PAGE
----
Try the “Maple Coffee” – coffee beans soaked in maple syrup – for a complete maple experience. And then, cross the small covered bridge to the Gift Shop where you can purchase as much Parker’s Maple Syrup as you’d like.
EAT/LUNCH: Pickity Place, Mason (see above)
EAT/DINNER: The Restaurant at Burdick’s, Walpole in Southwest New Hampshire
This upscale, finely tuned restaurant, touted by some fans as the Best in New Hampshire. It’s a revelation in a town so small, the eatery literally shares a wall with the local Post Office.
Burdick’s, co-owned by documentary maker and homeboy, Ken Burns, also shares the opposite wall with the chocolate maker of the same name – L.A. Burdick’s. The confectionary is known around the world, and the reason the restaurant exists here in the first place.
Dishes range from salads and burgers to more substantial fare in a sweet Parisian Bistro by way of New England Sugar Shack space. The Turkey Burger Reuben with thin golden fries is a crackerjack version of the corned-beef original. As are other tweaks on traditional dishes.
EAT/KEENE: Locals recommend
The Stage, which has “been there forever.” Luca’s for Italian. Also winning raves, Taqueria Odelay – for casual Mexican.
Where to Stay in Southwest New Hampshire
STAY: Chesterfield Inn, West Chesterfield in Southwest New Hampshire
From the fallen bones of 300 year old barns emerged the upscale Chesterfield Inn in West Chesterfield NH. In the early 1980’s, a collection of decrepit barns and sheds, first built in the 1700’s, were all that stood on this small hill overlooking busy Route 9. In 1984, Pamela Lendzion hired architect Rod Williams, who looked at these tumbling structures and saw….a Luxury Country Inn – much like the one he designed in Dover VT, the Inn at Sawmill Farm – and made it a reality.
Lendzion owned the 9-room Chesterfield Inn until 1987, when Judy and Phil Hueber purchased the ten-acre property, added 6 more rooms in two outbuildings, and never left. They’ve created a Yankee-luxe home away from home for corporate travelers, parents of students in Southwest New Hampshire colleges (Keene State, Marlboro, Landmark), girlfriend groups, and of course leaf peepers in autumn. “People mostly come from New England, New Jersey and Pennsylvania,” says Judy, “but in the fall, it’s lots of internationals.”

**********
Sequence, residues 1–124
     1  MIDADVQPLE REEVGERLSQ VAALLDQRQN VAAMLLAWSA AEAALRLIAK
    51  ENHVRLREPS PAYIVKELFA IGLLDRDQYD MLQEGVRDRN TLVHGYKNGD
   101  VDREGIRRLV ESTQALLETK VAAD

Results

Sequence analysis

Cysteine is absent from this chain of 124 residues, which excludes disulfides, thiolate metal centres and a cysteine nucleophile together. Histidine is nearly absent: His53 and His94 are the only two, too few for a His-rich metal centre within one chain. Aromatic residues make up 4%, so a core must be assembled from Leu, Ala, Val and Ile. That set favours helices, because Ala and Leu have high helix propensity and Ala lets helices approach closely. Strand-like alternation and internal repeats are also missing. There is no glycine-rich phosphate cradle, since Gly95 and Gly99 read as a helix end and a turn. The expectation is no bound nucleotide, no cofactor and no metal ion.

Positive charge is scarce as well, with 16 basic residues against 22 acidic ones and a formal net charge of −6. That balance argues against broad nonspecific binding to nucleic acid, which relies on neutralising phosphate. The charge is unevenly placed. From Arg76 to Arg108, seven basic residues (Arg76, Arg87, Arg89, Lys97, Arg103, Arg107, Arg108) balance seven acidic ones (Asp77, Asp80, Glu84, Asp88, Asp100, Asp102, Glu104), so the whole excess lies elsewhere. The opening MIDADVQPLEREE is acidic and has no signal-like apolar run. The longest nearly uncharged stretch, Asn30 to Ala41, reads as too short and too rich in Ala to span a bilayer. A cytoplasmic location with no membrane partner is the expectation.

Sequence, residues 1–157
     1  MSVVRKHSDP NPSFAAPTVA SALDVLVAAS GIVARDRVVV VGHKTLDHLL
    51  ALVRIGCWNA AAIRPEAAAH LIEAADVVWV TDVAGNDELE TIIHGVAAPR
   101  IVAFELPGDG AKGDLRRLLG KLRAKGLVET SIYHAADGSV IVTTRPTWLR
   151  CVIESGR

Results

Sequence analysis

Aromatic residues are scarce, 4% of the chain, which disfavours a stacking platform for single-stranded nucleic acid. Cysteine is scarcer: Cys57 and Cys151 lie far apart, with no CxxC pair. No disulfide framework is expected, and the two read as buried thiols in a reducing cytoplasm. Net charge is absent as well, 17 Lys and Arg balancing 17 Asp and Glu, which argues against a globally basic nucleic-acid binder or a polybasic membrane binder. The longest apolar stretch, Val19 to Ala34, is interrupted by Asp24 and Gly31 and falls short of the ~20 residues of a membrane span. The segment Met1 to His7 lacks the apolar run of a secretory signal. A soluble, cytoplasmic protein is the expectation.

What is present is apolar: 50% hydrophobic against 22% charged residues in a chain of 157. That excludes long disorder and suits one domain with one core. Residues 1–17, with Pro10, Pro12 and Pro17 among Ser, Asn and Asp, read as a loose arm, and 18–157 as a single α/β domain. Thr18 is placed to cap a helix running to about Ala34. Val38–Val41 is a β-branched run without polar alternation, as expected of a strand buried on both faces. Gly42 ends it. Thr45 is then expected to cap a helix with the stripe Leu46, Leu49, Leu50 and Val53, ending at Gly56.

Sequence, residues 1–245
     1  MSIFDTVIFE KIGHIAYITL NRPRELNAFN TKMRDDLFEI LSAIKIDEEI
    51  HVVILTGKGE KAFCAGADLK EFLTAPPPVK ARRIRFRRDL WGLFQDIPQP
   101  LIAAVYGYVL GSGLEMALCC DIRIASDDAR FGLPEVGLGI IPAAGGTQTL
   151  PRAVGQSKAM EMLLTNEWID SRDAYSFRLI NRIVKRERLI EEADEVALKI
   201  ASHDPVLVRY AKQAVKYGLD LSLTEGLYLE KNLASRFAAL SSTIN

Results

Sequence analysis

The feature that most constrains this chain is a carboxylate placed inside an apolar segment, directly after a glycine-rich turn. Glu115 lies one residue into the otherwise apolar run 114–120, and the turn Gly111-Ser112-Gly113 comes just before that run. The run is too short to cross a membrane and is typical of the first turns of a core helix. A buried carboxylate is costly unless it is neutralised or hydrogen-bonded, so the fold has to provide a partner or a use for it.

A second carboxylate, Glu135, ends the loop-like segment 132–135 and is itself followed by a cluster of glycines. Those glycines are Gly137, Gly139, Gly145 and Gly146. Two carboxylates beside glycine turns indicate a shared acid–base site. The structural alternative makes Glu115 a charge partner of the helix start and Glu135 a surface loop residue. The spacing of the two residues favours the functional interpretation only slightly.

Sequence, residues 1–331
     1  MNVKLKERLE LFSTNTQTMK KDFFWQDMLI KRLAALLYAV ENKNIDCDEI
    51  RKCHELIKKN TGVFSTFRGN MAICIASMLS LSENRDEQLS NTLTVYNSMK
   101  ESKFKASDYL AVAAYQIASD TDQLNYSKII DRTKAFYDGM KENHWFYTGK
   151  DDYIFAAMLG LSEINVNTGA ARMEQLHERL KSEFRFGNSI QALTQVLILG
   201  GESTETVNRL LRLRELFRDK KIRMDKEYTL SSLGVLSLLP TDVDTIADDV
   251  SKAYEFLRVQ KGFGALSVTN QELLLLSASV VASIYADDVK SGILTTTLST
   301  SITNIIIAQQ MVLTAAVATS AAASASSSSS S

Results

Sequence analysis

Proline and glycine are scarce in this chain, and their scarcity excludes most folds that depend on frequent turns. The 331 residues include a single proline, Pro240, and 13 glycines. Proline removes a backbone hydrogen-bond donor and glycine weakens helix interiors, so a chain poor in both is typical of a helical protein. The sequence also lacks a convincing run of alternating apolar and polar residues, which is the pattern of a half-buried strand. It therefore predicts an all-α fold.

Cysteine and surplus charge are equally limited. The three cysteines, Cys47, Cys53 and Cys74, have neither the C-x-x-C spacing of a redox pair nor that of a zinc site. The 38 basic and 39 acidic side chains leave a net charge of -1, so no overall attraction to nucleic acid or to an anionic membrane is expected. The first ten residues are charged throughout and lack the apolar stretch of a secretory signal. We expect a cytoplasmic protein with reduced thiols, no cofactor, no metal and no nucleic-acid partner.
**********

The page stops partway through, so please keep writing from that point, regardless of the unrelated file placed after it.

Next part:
The lush and hilly landscape inspires poetic romance, so it’s no surprise that the Chesterfield Inn is a popular small wedding venue, especially for busy couples who want to elope with little fanfare (yes, there’s an “Elopement Package!”) Many of these couples return year after year to celebrate their anniversaries as well.
First Impressions of The Chesterfield Inn
After an abrupt turn off a busy highway, the Chesterfield Inn driveway winds uphill until the sprawling property comes into view. You can tell it’s an assemblage of buildings, united in the rambling way that farmhouse additions of yore were stuck on at various heights. Here, with a tidy contemporary exterior siding that pulls it all together.
Walk into a great room straight out of a New England guidebook. High cathedral ceiling, soaring brick wall with fireplace-turned-wood stove, floral wallpaper, wing-back chairs. It’s a kind of John-Adams-lives-here look. And the welcome could not be kinder or more down to earth – which is the secret to this place. This genuinely warm greeting by people who are inherently nice sets the tone for the guest experience to come.
A second large room, with plenty of seating and a second fireplace, serves as a space for guests to hang out and converse over afternoon tea and cookies.
If the weather is yucky, guests stay inside. But on beautiful afternoons, the patio, set with tables overlooking the green hills of western New Hampshire, is so where it’s at, you’ll have to wrangle a seat.
At 6:30 each morning, fresh brewed coffee and newspapers appear magically in the lobby. It’s the perfect start for early risers like me.
Rooms and Suites at Chesterfield Inn
A barn motif runs throughout the inn – starting with whitewashed barn doors that open into each of all 15 country-charming rooms. Ten rooms feature fireplaces, four have patios. The judicious use of floral wallpaper works well with one dark barn-wood wall or ceiling – an eye-catching balance of delicate and rustic.
Each wrought iron or four-poster bed is dressed in a white coverlet and warm throw. You’ll find Gilchrist and Soames toiletry products in immaculate, nicely lit marble sink bathrooms.
Dining at Chesterfield Inn
The small in-house dining room is open six nights a week, and draws locals as well. Chef Robert Nabstedt turns out inventive dishes like Pan Roasted Faroe Island Salmon with Guava Mango Glaze ($25), and other inventive dishes. Your appetite might be spoiled, however, by the sweet/savory Cheese Muffins, flecked with red peppers, that come with the bread course. So toothsome, it’s tough to stop at just one.
A full country breakfast, made to order, comes with the room. Order everything from omelets to pancakes to French Toast and sides. It’s all plated and served cheerfully. Rooms and suites from $149-$344 depending on day and season. Includes afternoon tea and cookies, full cooked to order breakfast, wi-fi, and parking.